We’ve seen netbooks flourish for the last two years. These cheap and relatively underpowered mini-laptops have been super portable. Add the fact that they can do almost all the basic computer user’s needs at an affordable price, so it’s really no surprise that netbooks have been the number one product for many computer manufacturers.
But it looks like in 2010 we’ll be seeing the portable computing landscape changed yet again. Lots of talk about a new class of mini-laptops running ARM-based processors have been on the news a lot lately. Since they’re running ARM, they won’t be able to run Windows XP or Windows 7. They’re all going to be on Linux. However, they’ll be able to last for a long time on a single charge, and some will be featuring integrated 3G connectivity and HD video acceleration features.
You also get the ability to receive emails, instant messages, and other data even while the computer is in sleep mode. Basically, you are going to get the best of both worlds in terms of notebooks and smartphones, hence the name “smartbooks.”
The president of ARM Korea says that as many as 20 ARM-based smartbooks could hit the streets in the first quarter of 2010.
Most, but not all of these devices will likely be sold by mobile broadband providers at subsidized prices. That means you may be able to pick up a smartbook for less than $200 up front. Some might even be free. But you’ll probably end up paying up to $60 per month to actually use the 3G wireless capabilities, which means that over the course of a 2 year service contract you could end up paying between $1400 and $1600 for a device that looks like a laptop, but which has a slower processor and won’t run Windows.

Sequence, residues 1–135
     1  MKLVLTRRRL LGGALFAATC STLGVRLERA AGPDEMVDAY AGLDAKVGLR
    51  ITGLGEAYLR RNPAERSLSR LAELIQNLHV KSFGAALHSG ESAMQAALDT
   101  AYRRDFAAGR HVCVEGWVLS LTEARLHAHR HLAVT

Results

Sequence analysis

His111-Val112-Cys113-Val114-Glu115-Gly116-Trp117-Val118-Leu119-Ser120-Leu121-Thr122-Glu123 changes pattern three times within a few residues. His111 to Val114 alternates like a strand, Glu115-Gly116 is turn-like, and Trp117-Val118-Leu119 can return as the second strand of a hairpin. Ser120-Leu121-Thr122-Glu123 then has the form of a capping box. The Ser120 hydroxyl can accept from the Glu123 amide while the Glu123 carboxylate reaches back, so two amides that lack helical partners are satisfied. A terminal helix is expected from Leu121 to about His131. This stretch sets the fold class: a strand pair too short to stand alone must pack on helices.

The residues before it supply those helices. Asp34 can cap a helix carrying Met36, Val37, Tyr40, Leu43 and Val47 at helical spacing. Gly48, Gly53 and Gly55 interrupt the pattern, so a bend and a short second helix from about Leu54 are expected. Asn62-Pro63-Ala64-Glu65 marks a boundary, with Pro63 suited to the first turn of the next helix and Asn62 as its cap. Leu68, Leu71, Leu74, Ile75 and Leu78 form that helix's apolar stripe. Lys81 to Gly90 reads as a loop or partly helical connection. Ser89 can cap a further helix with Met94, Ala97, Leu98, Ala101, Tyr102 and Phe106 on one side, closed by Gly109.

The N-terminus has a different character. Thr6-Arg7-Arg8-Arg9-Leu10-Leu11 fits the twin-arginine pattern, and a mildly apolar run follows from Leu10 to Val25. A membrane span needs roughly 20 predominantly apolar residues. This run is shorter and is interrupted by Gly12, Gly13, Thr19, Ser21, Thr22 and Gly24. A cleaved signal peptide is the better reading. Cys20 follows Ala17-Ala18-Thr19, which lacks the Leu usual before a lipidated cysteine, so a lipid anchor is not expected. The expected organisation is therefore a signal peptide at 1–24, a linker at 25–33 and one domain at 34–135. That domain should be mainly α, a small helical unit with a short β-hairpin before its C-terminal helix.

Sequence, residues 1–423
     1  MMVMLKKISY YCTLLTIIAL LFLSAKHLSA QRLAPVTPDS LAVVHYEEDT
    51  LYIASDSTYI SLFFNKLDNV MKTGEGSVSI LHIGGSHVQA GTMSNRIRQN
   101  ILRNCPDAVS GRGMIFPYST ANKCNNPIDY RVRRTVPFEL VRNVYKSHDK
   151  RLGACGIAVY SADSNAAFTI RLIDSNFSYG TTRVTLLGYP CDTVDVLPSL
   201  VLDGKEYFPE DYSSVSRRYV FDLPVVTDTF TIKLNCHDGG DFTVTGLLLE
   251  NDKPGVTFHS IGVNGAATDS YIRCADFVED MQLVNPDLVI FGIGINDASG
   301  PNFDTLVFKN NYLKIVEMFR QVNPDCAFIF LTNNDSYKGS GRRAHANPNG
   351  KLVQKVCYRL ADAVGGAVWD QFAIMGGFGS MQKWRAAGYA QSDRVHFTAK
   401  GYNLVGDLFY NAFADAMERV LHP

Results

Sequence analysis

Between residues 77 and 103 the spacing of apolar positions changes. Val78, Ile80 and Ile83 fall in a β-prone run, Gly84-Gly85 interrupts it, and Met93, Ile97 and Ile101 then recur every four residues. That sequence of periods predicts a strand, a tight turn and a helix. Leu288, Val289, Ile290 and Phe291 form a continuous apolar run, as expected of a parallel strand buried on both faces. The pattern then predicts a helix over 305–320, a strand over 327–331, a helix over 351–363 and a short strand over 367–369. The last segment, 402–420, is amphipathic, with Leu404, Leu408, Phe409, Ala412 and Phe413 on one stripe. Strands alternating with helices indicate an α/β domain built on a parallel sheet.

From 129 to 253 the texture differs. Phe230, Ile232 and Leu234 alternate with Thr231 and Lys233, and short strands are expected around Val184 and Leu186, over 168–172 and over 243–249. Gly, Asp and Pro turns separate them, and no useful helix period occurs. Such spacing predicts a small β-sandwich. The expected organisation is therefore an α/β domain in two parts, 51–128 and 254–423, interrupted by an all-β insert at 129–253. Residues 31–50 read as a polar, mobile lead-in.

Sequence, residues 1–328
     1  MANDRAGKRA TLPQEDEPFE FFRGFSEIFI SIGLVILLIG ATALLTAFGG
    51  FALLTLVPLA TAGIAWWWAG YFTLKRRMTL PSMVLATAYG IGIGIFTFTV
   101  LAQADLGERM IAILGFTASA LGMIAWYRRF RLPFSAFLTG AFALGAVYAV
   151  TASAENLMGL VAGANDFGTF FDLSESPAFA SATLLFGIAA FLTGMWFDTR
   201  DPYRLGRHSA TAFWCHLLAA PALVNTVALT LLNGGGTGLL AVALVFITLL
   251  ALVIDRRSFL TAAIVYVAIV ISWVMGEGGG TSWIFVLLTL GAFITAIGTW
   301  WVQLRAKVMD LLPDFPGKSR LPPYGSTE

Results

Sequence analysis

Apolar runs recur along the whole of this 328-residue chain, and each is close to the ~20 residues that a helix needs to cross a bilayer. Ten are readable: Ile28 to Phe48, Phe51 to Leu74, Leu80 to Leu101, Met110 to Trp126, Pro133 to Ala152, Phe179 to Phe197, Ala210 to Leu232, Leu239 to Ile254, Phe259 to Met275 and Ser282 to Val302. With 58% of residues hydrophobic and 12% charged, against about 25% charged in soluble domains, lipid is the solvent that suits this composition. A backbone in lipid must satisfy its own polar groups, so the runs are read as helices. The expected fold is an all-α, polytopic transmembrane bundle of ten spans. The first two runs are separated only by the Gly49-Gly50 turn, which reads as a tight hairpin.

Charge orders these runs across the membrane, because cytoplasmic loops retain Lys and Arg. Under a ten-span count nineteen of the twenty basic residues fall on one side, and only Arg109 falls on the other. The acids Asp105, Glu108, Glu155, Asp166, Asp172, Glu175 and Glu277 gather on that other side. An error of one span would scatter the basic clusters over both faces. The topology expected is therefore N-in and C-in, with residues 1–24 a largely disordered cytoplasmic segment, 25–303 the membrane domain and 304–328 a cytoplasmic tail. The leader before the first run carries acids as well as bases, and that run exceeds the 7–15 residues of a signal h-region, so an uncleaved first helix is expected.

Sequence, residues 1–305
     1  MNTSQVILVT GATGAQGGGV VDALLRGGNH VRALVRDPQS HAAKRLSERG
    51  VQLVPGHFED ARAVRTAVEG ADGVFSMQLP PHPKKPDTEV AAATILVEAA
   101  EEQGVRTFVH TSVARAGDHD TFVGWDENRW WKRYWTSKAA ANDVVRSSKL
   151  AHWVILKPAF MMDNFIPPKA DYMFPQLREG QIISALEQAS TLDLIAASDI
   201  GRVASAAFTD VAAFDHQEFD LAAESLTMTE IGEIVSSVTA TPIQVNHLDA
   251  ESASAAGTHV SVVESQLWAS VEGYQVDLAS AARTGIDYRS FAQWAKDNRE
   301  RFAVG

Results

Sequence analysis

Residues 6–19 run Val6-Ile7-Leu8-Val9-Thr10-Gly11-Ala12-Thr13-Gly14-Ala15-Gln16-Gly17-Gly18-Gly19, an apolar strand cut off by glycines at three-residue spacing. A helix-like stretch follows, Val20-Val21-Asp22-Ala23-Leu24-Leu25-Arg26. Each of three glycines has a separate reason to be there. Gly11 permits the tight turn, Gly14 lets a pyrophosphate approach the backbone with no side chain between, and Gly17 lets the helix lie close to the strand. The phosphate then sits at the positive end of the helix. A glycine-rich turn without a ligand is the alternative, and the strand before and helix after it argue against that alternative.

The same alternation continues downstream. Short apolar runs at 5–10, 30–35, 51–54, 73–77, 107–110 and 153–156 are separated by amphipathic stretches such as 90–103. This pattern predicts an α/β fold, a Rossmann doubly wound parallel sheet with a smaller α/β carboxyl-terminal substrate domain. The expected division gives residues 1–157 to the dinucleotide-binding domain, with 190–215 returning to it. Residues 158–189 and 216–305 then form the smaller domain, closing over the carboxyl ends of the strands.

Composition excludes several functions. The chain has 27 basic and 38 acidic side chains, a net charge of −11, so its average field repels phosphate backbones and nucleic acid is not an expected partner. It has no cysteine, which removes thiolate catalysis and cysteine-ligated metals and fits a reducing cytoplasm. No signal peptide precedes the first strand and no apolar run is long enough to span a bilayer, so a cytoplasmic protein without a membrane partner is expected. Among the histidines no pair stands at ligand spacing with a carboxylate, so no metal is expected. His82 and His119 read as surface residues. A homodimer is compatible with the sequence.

Are you willing to put up with Linux if it means that you’ll be able to get more out of a single charge? Give me your thoughts!
Posted on December 28, 2009 at by Ade Magnaye
Google’s much-awaited Chrome OS will be getting its first public demo on Thursday, Electronista reports. An event will be happening on that day will include a complete overview of the web-centric OS, including its technical underpinnings as well as demos.
Now the whole world has waited with bated breath as to what Chrome holds for us netbook owners. I mean, Windows is really the dominant OS right now for netbooks, and Linux can’t seem to go beyond the dedicated community of developers. Maybe Chrome will be the OS to actually challenge Microsoft. I can’t wait to see what happens.
Posted on November 17, 2009 at by Ade Magnaye